History of Map making and Topography.—II

C. W. Larned
1907 Scientific American  
An American manufacturer of cut nails gives us at the same time a more practical view of the rolled iron industry of the period as affecting that brancl. of the hardware trade in referring to the use of imported plates and domestic plates of rolled iron for the cutting of nails. "The fact is, that American iron, although the are is excellent, is brought to the market and sold in an unfinished state. It is not sufficiently hammered to be sound, and it is hammered in a state so cold that the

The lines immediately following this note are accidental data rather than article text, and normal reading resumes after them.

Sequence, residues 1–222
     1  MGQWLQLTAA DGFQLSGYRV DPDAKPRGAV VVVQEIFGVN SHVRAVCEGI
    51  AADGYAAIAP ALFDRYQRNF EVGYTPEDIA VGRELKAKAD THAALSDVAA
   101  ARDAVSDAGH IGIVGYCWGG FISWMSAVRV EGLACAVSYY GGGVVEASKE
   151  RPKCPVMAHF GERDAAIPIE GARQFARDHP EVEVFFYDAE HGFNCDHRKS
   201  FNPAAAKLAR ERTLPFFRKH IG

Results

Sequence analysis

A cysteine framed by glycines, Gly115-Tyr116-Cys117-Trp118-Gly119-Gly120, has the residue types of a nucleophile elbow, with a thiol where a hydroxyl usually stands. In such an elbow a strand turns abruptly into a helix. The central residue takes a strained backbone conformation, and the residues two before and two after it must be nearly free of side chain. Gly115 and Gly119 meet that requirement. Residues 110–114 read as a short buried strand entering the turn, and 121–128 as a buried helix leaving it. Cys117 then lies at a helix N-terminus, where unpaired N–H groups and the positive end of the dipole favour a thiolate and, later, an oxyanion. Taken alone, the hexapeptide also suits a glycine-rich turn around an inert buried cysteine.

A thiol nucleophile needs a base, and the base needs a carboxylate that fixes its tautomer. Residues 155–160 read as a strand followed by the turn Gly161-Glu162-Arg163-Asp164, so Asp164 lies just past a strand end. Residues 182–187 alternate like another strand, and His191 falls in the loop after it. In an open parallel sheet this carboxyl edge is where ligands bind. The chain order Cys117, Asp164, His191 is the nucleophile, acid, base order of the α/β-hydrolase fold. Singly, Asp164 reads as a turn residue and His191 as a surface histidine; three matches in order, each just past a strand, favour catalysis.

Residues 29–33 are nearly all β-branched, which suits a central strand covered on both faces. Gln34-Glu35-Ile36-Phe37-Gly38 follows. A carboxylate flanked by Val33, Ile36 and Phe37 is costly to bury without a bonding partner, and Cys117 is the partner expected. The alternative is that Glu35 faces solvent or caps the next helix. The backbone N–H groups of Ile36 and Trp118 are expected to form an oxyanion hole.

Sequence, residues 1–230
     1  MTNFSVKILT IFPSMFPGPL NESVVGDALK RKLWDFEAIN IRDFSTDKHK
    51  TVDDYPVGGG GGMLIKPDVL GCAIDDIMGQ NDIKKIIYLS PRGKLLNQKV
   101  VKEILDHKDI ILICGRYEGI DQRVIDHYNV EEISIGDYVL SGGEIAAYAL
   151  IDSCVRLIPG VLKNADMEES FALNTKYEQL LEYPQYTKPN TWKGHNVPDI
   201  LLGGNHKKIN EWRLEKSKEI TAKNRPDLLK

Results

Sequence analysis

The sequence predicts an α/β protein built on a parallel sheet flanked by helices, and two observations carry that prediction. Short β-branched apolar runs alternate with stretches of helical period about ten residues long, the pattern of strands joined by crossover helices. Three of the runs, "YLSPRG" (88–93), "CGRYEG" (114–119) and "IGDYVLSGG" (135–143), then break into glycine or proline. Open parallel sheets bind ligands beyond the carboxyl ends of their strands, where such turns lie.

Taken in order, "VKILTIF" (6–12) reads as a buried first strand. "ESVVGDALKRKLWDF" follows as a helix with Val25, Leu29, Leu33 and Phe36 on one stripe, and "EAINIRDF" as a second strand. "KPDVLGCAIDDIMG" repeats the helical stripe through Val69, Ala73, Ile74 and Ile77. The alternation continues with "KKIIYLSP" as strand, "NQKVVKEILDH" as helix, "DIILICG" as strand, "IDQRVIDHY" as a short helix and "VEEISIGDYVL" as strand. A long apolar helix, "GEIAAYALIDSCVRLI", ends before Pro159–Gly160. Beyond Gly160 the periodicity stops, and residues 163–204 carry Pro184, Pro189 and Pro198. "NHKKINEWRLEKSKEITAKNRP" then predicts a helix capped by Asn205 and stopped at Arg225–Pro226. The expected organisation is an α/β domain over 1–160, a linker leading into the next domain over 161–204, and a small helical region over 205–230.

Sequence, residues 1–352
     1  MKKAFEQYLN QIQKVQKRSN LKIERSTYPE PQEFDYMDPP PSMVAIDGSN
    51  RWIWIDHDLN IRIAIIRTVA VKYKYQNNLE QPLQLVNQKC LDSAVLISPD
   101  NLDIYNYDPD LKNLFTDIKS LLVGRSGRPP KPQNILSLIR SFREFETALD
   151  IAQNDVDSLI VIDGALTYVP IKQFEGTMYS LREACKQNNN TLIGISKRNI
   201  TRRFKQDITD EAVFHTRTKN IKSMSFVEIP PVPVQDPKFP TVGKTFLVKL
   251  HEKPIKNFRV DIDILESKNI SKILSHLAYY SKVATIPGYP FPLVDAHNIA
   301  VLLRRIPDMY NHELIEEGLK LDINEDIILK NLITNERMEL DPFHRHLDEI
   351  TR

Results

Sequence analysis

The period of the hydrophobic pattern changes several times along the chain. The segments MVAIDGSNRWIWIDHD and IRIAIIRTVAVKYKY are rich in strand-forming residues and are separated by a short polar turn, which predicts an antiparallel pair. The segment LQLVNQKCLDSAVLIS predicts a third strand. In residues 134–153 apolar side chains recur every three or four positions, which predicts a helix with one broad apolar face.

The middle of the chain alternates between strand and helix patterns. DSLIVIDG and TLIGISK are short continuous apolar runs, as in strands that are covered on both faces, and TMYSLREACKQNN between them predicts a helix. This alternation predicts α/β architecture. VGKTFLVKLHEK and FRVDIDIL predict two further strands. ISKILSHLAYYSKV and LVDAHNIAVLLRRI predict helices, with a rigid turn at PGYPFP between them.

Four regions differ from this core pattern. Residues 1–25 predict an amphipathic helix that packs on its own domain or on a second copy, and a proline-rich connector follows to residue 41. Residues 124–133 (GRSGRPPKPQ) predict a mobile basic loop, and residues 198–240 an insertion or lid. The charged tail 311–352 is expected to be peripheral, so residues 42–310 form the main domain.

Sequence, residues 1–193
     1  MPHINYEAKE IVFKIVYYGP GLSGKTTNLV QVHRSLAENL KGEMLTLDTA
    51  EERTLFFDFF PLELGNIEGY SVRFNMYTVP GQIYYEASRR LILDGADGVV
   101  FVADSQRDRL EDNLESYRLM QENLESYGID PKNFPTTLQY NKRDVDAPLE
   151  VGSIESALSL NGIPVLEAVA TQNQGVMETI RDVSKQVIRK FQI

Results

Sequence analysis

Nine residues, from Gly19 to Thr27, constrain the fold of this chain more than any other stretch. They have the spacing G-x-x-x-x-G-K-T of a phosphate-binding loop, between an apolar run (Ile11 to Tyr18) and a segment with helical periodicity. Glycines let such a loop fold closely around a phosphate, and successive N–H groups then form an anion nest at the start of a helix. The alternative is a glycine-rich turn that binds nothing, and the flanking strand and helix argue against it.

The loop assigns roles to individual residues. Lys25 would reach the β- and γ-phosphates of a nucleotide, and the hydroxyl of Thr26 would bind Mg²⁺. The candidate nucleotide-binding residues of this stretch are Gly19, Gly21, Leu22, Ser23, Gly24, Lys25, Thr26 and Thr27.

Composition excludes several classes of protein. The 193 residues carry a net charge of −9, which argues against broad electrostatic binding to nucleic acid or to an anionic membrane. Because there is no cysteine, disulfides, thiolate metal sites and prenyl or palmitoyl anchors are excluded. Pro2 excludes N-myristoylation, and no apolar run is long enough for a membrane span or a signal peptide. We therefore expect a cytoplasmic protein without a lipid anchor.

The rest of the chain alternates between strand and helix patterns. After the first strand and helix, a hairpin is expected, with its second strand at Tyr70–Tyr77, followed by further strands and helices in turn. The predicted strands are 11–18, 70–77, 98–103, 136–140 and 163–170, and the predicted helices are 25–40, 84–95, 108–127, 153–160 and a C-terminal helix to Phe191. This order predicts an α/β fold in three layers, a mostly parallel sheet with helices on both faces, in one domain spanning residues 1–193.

more » ... cold that the seams and cracks, of which there are many, do not close and weld. The iron, therefore, to the worker or consumer is worth by less than $10 per ton than iron furnished in the style of Russia or Sweden iron.
doi:10.1038/scientificamerican08311907-132supp fatcat:6mufhiqszfdb7czonrqipry3ay